This “Ways How to Pay for College Without Student Loans” provides the readers an overview about how to pay for college and some strategies that may work for them.
Whether you’re a parent or a potential student, the cost of college loans can be scary. Based on the most recent statistics from the College Board, the average cost of tuition and fees at private college is $34,740 at private college and universities in 2017-2018.
The Cost of College, With or Without Loans
On average, the cost of a state school will run you $9,970 per year, if you’re an in-state resident. And these stats don’t even take into account the additional costs of room and board, books, and living and transportation expenses or if you’re an out-of-state resident attending a state school.
If you have a modest or even high family income, those figures can keep you up at night. How will you pay for an added $1,000 – $4,000 per month in expenses when you already have bills to pay?
You might be wondering how to pay for college. Or, the alternative, how will your student fare when saddled with tens or hundreds of thousands of debt to pay back after graduation?
If you’re paying for college as a student yourself, you might discard the idea of education altogether, just because it’s inconceivable that you could pay for college without substantial student loans.
I feel your pain. Even though my husband and I value education, have been saving some money for our son’s college, the cost is so exorbitant that it is so hard to conceive. If you’re purchasing a car, you generally know the sticker cost of the vehicle you’ll be buying. You can set a budget, save for it, and purchase the item with cash if you don’t want a loan. If you need a loan, you can get one comparable to someone else with your debt load or credit score.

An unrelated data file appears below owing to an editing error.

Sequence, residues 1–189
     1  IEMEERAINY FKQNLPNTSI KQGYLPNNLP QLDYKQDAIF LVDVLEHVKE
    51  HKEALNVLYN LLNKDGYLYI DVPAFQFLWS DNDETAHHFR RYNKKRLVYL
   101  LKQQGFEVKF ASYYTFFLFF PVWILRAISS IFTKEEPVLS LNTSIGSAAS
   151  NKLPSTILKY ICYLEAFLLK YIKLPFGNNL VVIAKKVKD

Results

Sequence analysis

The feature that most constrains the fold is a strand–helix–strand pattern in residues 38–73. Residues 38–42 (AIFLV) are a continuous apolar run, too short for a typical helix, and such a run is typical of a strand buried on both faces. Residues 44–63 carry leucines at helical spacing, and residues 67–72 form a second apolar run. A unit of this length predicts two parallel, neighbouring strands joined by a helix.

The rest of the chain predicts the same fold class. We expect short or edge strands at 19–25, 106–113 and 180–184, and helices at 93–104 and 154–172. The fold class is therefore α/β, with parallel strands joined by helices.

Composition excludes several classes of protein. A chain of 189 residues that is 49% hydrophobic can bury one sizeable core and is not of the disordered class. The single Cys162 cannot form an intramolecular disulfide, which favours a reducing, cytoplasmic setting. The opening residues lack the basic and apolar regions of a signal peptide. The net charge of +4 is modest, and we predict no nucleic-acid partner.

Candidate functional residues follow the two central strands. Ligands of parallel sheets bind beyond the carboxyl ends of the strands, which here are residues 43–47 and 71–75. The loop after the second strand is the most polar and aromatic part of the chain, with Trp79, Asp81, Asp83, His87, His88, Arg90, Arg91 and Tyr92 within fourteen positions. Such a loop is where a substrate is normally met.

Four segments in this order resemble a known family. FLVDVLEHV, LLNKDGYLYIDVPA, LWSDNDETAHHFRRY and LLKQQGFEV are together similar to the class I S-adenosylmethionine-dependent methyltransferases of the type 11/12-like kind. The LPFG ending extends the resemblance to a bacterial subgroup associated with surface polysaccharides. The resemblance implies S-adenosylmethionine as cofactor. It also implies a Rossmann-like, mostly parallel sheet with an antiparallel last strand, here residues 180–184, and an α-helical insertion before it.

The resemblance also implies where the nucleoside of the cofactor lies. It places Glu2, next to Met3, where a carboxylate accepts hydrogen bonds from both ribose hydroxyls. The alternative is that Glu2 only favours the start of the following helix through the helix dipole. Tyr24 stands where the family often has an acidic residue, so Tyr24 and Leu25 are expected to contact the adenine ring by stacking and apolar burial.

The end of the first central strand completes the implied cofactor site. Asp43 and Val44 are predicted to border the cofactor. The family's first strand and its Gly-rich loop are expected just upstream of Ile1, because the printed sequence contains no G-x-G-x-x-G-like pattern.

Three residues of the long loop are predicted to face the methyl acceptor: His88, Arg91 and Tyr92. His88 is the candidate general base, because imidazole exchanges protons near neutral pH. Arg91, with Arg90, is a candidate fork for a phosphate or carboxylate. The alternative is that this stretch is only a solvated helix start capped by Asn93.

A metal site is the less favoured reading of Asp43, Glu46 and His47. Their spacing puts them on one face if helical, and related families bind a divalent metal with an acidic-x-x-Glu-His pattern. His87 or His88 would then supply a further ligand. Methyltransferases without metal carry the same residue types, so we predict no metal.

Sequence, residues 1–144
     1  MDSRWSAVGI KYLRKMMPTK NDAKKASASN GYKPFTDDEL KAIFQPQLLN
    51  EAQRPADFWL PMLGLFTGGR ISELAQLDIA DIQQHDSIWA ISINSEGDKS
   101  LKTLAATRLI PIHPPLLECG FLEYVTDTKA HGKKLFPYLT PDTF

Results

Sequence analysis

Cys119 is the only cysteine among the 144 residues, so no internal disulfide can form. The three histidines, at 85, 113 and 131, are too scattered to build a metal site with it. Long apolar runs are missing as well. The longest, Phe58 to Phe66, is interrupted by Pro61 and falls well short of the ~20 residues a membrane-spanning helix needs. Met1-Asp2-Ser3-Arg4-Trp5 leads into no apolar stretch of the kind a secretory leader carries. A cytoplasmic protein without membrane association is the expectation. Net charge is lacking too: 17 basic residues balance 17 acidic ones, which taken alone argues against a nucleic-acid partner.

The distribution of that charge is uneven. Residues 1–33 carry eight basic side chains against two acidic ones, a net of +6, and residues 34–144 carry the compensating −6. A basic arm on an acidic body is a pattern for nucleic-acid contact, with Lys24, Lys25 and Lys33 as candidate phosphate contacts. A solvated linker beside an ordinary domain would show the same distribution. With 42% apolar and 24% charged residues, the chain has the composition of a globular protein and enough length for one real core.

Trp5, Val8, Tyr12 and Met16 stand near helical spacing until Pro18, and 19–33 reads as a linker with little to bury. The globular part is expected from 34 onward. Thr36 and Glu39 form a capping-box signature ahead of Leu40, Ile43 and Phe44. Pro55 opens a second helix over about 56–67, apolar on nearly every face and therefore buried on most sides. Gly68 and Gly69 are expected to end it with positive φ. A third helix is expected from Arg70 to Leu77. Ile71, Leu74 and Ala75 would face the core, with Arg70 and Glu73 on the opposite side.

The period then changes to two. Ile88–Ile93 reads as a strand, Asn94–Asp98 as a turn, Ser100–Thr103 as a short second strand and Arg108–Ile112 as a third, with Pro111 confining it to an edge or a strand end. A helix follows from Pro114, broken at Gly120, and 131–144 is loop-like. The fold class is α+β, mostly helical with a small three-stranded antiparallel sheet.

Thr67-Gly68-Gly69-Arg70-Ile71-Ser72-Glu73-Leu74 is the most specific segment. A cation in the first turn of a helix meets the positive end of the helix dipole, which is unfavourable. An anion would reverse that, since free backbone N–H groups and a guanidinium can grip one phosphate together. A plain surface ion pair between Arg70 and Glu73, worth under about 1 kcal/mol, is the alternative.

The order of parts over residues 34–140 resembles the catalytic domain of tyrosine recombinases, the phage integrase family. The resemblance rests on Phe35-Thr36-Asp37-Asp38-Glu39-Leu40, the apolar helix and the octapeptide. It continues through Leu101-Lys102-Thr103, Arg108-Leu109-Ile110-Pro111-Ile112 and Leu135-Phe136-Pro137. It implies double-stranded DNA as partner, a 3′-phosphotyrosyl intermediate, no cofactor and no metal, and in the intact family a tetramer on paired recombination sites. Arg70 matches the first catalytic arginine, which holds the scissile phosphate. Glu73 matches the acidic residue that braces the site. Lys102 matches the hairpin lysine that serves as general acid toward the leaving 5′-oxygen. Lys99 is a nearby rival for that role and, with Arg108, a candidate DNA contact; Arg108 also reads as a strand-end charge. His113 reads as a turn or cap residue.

Start the College Planning Process Early
Planning and hard work is a critical component of college planning, starting from as early as preschool.
A lot of parents find some help with the planning process of college with CollegeBound Plans. This program helps families craft an academic plan for their college bound kids, helps with access to scholarships and tuition discounts, and even helps kids find tutoring resources. CollegeBound Plans is a one-stop shopping resource for families who know they want their kids to go to college, but don’t feel like they have enough experience to navigate today’s tough college market on their own.
Paying Tuition Without College Loans
But the cost of a university education is different. It fluctuates, depending on a wide range of factors. Schools take your family income, your child’s income, the money you contribute to retirement savings, your age, your child’s grades and test scores, and a whole host of other factors into account. The availability of the university endowment for that particular year or whether your child gets scholarships from other sources may also come into play when determining the actual price you’ll pay.
So, even though my son is a junior, I’m not sure at all how much we’ll be paying in a few months. I don’t know whether a private school or state university will be a better choice for him. And I probably won’t have a clear sense until about 6 months before he leaves – when he makes his final college choice. At that point, checks will need to be written – or, what I’m hoping to avoid – loans will need to be taken.
Fortunately, there are a few things we can do as a family to help reduce the budgetary pain and the likelihood that he’ll need to take out federal student loans.
- Start an Educational Savings Account. Even before your child is born, you can start an investment educational savings account, such as a 529 or Coverdell account, to save specifically for future education expenses. Depending on the state you live in and the state that administers your plan, there may be tax advantages for these accounts. You can start one for any children in your family, and generally, they can be used for any type of future schooling, including community college, graduate school, or even technical schools. Saving this way is great, because you can set it and forget it – and even a small amount – adds up after 18 years. We started a 529 when my son was under two, adding only small amounts every month but now that he’s a junior, it’s really added up.